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Medicine Non-adherence: Time for a Personalized Healthcare Approach?
Posted on December 19th, 2016 by Dr Andrew A. Parsons in Pharma R&D
It was interesting to note the article from Beth Snyder Bulik (1) that patient non-adherence to taking their prescribed medicines not only has a potential impact on their health and wellbeing, it also impacts the companies’ and healthcare providers’ bottom lines. She outlines that non-adherence can result in additional costs to healthcare systems of $300 billion annually and a loss of $637 billion in potential sales (2).
These are huge sums of money that certainly deserve attention, not only from Pharma but also regulators and healthcare payors/providers. How can we create better value for all parties, the researchers, pharma companies, healthcare providers, and end users, within the system? This is perhaps still a key question that all parties need to be focused on.
One of the challenges we all face is that this is a complex issue to solve. As a pharma – healthcare system, I think it is important we remember that we do not treat patients in isolation. The person taking the medicine usually will have a relationship (direct or indirect) with a variety of healthcare professionals, a healthcare system, and the pharmaceutical industry. There are therefore potentially many factors that could impact their taking the medication, including the impact of co-payments (3). In addition, the individual’s perception of themselves and their illness or condition seems to have a potentially complex interaction with their adherence to medication (4). The beliefs a patient may have on the cause of their disease and on its ability to be controlled appears to potentially impact whether they take their “meds”. If I don’t think this condition can be controlled, then why take the medicine? The patient’s emotional state may also have an impact. This has been extensively reviewed in diabetes (5).
The patient will have a variety of other social relationships and will experience varying degrees of community or isolation, important factors in our general wellbeing. People need different types and different levels of support to be able to manage their medications and life style choices. In a study investigating adherence to medicines in Type 2 diabetes, the baseline level of adherence was suggested to be a key factor in understanding how to support the patient (6). A variety of interventions by allied health professionals appear to have mixed effects in those patients with low adherence, with limited impact on improving adherence for those who were already taking their medicines adequately.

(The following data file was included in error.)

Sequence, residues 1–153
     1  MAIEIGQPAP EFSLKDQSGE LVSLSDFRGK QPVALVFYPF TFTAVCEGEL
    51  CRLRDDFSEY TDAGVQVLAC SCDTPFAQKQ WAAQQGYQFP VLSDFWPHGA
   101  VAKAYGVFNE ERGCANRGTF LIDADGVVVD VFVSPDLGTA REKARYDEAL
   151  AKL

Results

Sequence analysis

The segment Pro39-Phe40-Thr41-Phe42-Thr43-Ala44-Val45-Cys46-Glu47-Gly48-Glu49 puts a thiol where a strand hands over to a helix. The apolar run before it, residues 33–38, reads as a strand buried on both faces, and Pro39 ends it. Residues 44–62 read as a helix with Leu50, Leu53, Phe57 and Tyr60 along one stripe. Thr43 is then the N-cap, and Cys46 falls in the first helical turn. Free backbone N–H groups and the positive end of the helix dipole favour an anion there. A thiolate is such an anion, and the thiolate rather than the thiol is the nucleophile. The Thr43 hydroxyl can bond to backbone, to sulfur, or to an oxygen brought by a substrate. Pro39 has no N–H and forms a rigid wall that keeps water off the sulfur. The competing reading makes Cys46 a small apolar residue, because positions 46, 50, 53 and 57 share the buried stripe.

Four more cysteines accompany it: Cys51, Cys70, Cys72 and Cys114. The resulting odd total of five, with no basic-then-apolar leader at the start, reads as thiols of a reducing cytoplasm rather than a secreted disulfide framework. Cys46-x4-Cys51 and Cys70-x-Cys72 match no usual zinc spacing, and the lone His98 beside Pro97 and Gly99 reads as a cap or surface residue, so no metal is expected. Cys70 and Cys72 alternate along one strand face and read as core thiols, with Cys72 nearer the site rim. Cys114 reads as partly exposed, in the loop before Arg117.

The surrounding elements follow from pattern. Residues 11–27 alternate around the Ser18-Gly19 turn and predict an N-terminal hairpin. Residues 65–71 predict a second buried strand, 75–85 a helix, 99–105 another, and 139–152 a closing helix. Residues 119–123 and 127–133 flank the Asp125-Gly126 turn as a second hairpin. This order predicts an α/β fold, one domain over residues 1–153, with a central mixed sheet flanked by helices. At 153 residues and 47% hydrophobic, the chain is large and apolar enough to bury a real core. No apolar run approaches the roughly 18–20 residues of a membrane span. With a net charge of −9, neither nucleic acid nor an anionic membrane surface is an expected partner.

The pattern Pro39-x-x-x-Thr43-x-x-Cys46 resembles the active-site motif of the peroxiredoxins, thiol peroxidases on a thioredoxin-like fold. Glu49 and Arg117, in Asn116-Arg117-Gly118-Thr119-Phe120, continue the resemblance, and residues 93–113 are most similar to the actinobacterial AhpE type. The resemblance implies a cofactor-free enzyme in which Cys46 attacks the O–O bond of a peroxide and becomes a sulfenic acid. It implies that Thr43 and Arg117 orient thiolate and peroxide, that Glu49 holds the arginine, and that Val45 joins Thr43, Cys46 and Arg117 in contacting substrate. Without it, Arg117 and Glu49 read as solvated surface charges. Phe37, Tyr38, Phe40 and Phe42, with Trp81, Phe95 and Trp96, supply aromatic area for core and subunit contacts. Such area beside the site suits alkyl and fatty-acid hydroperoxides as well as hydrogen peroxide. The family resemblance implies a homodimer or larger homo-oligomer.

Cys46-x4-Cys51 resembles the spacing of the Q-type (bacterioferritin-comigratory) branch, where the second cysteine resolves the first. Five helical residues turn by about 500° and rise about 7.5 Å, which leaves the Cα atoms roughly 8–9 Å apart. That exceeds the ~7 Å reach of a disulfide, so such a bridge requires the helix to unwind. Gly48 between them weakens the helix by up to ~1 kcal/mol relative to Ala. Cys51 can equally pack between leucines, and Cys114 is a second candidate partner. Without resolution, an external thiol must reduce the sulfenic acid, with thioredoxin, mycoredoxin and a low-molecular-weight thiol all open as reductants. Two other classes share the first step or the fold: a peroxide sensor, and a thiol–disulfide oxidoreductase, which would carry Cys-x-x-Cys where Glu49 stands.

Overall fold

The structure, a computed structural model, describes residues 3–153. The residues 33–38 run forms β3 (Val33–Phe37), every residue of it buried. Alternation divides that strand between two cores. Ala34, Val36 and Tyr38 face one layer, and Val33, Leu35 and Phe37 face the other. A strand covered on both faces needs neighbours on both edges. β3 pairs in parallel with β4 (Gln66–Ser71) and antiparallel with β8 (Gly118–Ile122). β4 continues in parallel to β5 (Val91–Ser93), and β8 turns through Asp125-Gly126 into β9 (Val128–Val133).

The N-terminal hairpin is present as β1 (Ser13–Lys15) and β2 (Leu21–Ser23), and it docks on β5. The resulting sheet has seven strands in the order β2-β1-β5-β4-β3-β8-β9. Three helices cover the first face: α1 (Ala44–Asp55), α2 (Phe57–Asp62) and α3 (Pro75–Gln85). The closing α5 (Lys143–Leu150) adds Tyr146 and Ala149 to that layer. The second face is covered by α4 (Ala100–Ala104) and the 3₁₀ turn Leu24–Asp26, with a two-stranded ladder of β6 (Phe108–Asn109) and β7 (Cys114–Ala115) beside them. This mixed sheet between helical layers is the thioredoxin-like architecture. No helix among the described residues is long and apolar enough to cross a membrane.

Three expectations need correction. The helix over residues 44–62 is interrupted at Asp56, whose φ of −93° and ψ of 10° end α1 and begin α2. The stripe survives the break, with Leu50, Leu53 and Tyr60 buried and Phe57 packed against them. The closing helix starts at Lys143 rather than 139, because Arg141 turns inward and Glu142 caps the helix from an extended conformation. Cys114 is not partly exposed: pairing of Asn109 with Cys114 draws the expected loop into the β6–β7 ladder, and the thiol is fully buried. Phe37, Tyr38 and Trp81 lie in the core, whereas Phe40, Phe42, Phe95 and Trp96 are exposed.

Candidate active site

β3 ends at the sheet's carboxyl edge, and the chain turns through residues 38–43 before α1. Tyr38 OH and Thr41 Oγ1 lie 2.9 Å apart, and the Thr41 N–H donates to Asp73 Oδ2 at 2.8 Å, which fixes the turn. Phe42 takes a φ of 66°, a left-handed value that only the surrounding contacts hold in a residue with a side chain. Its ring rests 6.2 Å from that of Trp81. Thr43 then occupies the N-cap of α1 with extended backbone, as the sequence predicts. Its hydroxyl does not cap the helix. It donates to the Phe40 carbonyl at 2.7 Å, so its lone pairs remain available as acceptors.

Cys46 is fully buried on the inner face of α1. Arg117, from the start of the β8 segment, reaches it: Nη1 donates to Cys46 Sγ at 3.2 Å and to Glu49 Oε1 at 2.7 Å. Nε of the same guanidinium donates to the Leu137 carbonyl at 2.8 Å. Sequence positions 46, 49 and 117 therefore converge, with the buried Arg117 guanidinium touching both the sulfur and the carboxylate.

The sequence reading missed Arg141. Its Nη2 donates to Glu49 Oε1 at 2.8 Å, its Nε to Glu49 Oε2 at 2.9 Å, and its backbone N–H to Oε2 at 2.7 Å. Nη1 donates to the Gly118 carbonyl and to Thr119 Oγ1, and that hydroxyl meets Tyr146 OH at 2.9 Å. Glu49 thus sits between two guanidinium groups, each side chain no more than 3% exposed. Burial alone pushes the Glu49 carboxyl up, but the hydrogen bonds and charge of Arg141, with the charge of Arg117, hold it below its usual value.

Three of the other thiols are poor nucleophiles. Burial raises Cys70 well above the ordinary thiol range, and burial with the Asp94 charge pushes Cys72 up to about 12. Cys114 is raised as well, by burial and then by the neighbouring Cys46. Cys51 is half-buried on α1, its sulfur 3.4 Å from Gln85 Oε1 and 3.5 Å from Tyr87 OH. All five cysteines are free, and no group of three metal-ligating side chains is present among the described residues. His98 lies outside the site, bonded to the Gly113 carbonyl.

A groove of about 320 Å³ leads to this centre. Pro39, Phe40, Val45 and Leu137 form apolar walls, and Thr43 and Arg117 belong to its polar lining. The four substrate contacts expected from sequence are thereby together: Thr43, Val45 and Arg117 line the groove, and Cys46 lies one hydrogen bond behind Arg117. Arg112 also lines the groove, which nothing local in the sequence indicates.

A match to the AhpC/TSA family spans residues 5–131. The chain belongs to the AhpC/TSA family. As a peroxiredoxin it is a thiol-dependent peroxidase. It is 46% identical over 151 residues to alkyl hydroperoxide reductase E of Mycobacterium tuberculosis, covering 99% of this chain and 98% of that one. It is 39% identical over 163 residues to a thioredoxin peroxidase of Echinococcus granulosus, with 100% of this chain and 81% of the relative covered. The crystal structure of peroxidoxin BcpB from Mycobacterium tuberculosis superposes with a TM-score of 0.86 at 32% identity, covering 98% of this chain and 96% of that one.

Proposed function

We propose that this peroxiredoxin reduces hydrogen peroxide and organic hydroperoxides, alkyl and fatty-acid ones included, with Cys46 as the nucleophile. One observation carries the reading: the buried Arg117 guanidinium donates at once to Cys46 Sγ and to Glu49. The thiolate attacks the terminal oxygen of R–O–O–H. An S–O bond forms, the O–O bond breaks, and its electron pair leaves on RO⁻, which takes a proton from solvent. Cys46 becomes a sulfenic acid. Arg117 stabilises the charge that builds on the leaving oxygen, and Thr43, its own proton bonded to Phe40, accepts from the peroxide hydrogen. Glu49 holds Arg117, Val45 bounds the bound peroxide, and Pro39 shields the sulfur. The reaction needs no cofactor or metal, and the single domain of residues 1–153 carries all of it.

So, there does not appear to be a one size fits all approach. This was highlighted in 2012 by McKinsey and Company (7), who suggested that moving towards a person-focused approach was the way forward. They outlined some key elements of the plan, which need to engage the patient, integrate behavior change into the care model, and use networks and remote care technology to influence the patient. As noted, this will require a multi-stakeholder approach, which will require an appetite to change at many levels.
From an R&D perspective, my opinion is that we need to embrace a personalized healthcare approach. This is more than ensuring the right patient has the right medicine, at the right dose with the right biomarker/diagnostic for the right time. We need to focus on the right support for that individual patient or service user. This means embracing the psychosocial domain of engaging with the patient and providing the solutions they need.
Many of our clinical trials are focused on gaining hard quantitative measures of clinical efficacy. However, developing the focus on effectiveness in the real world and the individual experience of patients and healthcare workers, we may need to provide more weight to qualitative measures. This may seem an anathema to our science and technology mindset in R&D – however, we must remember that we do not treat individuals in isolation. Perhaps to develop this approach we need to develop new ways of investigating the narrative, or the story of the experience, to see the impact at a population level. There are plenty of opportunities to explore with a major economic motivation for all in the system.
Our aim ultimately is to create medicines of value and to maximize the benefits of scientific innovation. Perhaps it is now time we also embrace social science, health psychology, and behavioral economics to provide a humanistic, personalized approach to healthcare.
- Elliot, R. (2009). J. Health Serv. Res. & Policy. 14: 58-61
- Kucukarsalan, S. N. (2012). Admin. Pharmacy. 8: 371-382.
- Nash, J. (2013). Diabetes and Wellbeing: Managing the Psychological and emotional challenges of Type 1 and Type 2 diabetes. John Wiley and Sons.
- Doggrell, S. A. (2010). Diabet. Med. 27: 1341-1349.
- Dixon-Fyle, S., Gandhi, S., Pellathy, T. & Spatharou, A. (2012). Healthcare International 12: 64-73. (see www.mckinsey.com).
For comparative and up-to-date information needed to verify pharmacokinetic and experimental data, predict potential drug–drug interactions, and design clinical trial studies to comply with regulatory requirements find out more about PharmaPendium.
All opinions shared in this post are the author’s own.
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Dr Andrew A. Parsons
Director of Reciprocal Minds Limited & Chairman of Pharmasum Therapeutics AS
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